2022 has been rough year for bitcoin news as a series of industry implosions have sent the coin’s price tumbling by around 63% year-to-date. (To be fair, Bitcoin performed no worse than the broader crypto sector, which declined from $2.3 trillion to $846 billion this year. Even the NASDAQ stock market declined -29%.)
Fortunately, several big events advanced the Bitcoin network and put it on a firmer footing for the future. Of course, many challenges remain.
Below is a quick round-up of the major headlines telling the story of bitcoin’s 2022.
Jack Dorsey backs legal fund to defend Bitcoin developers from litigants like Craig Wright
On January 12, 2022, Jack Dorsey, Alex Morcos, and Martin White announced a new Bitcoin Legal Defense Fund to help support developers who were targeted by frivolous lawsuits. One notorious, litigious plaintiff was likely the primary motivator: Craig Wright.
Dorsey’s message on the Linux Foundation’s bitcoin-dev mailing list cited numerous lawsuits against Bitcoin Core developers who are often unpaid volunteers or underpaid maintainers of open source code repositories.
Jeremy Rubin proposed Speedy Trial for a Miner Activated Soft Fork
Bitcoin Core developer and Judica founder Jeremy Rubin proposed a contentious activation method for his Miner Activated Soft Fork of Bitcoin. So far, his proposal has failed to activate. Rubin was proposing Bitcoin Improvement Proposal 119, also known as CheckTemplateVerify or, simply, Covenants.
Bitcoin mining and transactions activity gain traction in Africa
Power grids in Africa are far more localized and clustered than Western-style interstate power grids. Challenges include intermittent electricity and Internet access.
With an abundance of natural resources stranded from reliable power grid consumption, economically disadvantaged regions in rural Africa became ideal candidates for modular bitcoin mining operators.
All of these characteristics encouraged modular, satellite-connected rigs to join bitcoin’s mining network.
For example, Jack Dorsey plugged Gridless Compute’s effort to use excess hydropower to mine bitcoin and reduce electric rates. Gridless raised $2 million this year for modular, satellite-connected rigs.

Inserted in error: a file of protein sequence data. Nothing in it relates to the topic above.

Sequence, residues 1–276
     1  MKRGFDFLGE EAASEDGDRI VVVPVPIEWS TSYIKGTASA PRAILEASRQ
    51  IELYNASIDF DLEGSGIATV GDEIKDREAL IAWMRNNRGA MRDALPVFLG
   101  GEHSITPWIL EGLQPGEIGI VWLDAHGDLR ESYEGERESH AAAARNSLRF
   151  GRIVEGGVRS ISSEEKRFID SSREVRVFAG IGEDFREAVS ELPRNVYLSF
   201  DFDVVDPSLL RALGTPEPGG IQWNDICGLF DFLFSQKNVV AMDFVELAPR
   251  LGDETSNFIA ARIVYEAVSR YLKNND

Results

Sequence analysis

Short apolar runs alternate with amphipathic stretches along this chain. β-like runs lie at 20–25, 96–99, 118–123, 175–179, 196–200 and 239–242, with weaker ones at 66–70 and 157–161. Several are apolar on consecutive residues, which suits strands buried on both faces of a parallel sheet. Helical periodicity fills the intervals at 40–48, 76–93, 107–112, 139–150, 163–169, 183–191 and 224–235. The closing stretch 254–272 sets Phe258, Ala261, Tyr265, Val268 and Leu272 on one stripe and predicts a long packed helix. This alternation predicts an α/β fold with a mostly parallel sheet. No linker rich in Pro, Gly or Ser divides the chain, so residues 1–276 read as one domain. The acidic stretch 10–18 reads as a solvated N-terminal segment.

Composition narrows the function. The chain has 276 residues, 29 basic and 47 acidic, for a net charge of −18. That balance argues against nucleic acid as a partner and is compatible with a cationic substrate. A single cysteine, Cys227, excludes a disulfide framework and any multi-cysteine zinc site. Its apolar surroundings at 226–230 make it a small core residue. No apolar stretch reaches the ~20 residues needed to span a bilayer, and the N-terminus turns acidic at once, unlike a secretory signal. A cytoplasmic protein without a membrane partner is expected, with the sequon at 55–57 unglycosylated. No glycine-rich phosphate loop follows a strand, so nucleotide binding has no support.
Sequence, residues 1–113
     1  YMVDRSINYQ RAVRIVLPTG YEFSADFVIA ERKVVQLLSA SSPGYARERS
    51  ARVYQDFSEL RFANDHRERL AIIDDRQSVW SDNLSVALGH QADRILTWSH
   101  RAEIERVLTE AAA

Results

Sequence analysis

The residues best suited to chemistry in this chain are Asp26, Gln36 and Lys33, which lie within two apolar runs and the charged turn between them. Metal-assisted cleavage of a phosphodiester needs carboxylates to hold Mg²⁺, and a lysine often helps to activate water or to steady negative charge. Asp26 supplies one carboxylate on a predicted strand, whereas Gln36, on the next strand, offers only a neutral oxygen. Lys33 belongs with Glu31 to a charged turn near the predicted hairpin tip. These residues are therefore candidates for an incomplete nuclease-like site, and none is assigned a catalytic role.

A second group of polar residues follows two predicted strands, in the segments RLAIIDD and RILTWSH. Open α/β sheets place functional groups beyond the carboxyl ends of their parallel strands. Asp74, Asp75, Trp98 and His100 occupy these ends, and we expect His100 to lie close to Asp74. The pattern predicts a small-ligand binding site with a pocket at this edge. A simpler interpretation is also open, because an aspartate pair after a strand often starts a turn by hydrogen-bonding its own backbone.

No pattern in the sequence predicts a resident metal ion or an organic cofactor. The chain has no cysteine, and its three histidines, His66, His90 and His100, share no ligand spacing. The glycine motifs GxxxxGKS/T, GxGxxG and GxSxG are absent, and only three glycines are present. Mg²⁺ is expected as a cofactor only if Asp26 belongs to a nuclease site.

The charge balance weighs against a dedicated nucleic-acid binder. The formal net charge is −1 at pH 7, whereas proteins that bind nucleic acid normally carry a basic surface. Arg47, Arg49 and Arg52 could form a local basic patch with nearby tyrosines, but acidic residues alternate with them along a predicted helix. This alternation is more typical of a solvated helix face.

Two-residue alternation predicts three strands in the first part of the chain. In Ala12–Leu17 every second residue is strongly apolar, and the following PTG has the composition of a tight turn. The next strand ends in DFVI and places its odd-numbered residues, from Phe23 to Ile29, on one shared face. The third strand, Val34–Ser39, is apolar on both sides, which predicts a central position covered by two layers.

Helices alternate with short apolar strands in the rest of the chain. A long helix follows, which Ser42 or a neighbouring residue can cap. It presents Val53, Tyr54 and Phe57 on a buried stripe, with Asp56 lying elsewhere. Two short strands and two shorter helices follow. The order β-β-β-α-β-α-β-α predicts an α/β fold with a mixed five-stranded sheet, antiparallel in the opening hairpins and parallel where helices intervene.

Three weeks ago, Ghana hosted the continent’s largest Bitcoin conference in history.
BIP-125 and Bitcoin’s contentious Replace-By-Fee discussion
Developers had a lively discussion about possible Replace-By-Fee (RBF) models. With RBF, the sender of a transaction could replace a pending transaction with a new transaction with a higher fee. Discussions regarding changes to RBF, including default settings of wallets, is ongoing.
A formal Bitcoin Improvement Proposal, BIP-125, proposed a protocol to enable nodes to accept transactions that signaled that they could be replaced with a transaction with the same inputs and a higher fee.
Bitcoin Core 24.0.1 gave nodes the option to so configure their RBF policies.
Lisa Neigut proposes four-tier ratecards for Lightning Network node operators
Lisa ‘NiftyNei’ Neigut published a proposal to switch Lightning Network’s current fee model to a four-tier ratecard. Under her proposal, users could advertise various rates based on their channel’s available capacity. This could allow Bitcoin Lightning node operators to dynamically price their channels’ bitcoin liquidity without having to constantly transmit new rates via gossip channels.
John Light publishes a report on Bitcoin validity rollups
On October 11, Bitcoin researcher and author John Light published a report on validity rollups on Bitcoin as part of the Human Rights Foundation Zero Knowledge-Rollup Research Fellowship. Alex Gladstein’s Human Rights Foundation, as well as Starkware, has sponsored a study on whether ZK-Rollups could assist with scaling Bitcoin.
Bitcoin developers discuss the need for quantum resistance
Bitcoin developers discussed the possibility that a quantum computer could — decades in the future — reverse engineer a public key to decipher its private key. A Bitcoin developer, Aronesty, suggested a method to receive payments to a public key secured by a new, quantum cryptography-resistant algorithm. Lloyd Fournier suggested using Taproot outputs for quantum-safe public keys.
40 Bitcoin Core devs meet face-to-face
In Atlanta, about 40 Bitcoin Core developers met at a rare, in-person conference. Most Bitcoin Core development occurs via GitHub, email, and other online communication.
Brian Bishop transcribed of about half of their face-to-face discussions on topics that included the possibility of moving away from GitHub as a repository altogether.
Devs also discussed possible improvements to transport encryption, transaction fees, a proposed Flexible Round Optimized Schnorr Threshold (FROST) signature scheme, and transaction relay rules that could address vulnerabilities to pinning attacks.
Special thanks to the open-source Bitcoin Operations Technology Group for recounting Bitcoin’s major technical events in 2022 and helping to inform this article.